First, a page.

Skip Navigation LinksHome > May 2014 - Volume 40 - Issue 3 > Paracoccus yeei Keratitis in a Contact Lens Wearer
Eye & Contact Lens: Science & Clinical Practice:
doi: 10.1097/ICL.0b013e31829e8fc7
Case Report

Paracoccus yeei Keratitis in a Contact Lens Wearer

Courjaret, Jean-Christophe M.D.; Drancourt, Michel M.D., Ph.D.; Hoffart, Louis M.D.

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Abstract

Objectives:

Paracoccus yeei is an environmental bacterium suspected to be responsible for ocular infections. In this study, culture-based and polymerase chain reaction (PCR) sequencing–based investigations of a corneal scraping specimen confirmed P. yeei keratitis in one contact lens wearer.

Methods:

A 34-year-old male patient, who was a contact lens wearer, presented with a unilateral corneal ulcer. A corneal scraping was performed to conduct a microbiological investigation. Disease progress was favorable after a 5-week topical treatment, which combined rifampicin, ciprofloxacine, tobramycine, and dexamethasone. The final visual acuity of the right eye was 5/10 with correction, limited by a central corneal scar.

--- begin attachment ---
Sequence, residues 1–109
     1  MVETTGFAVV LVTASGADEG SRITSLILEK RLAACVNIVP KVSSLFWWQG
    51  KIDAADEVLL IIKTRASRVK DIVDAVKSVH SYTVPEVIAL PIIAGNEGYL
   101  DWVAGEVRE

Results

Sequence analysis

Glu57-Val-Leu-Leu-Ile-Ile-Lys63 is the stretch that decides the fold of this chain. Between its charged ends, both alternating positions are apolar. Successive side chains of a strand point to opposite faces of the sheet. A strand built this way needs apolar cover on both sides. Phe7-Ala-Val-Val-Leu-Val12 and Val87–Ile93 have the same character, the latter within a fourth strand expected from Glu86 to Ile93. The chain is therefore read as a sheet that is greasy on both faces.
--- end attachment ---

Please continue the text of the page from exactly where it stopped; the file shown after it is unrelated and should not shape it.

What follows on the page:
Results:

Culturing the corneal scraping specimen yielded P. yeei, which was also directly detected by PCR sequencing the bacterial 16S rDNA in the presence of negative controls. The P. yeei isolate was susceptible to ticarcillin, with a minimal inhibitory concentration (MIC) of <4 mg/L of ceftazidime (MIC of 0.5 mg/L), imipenem (MIC < 0.5 mg/L), gentamycin (MIC of 0.5 mg/L), tobramycin (MIC < 0.06 mg/L), rifampicin (MIC < 0.125 mg/L), ciprofloxacin (MIC < 0.5 mg/L), and colimycin (MIC < 2 mg/L). The isolate was resistant to fosfomycine with a MIC 32 > mg/L.

Conclusions:

P. yeei is a new cause of keratitis that must be diagnosed by a laboratory analysis of corneal scrapings due to the potentially poor outcome of infection.

© 2013 Contact Lens Association of Ophthalmologists

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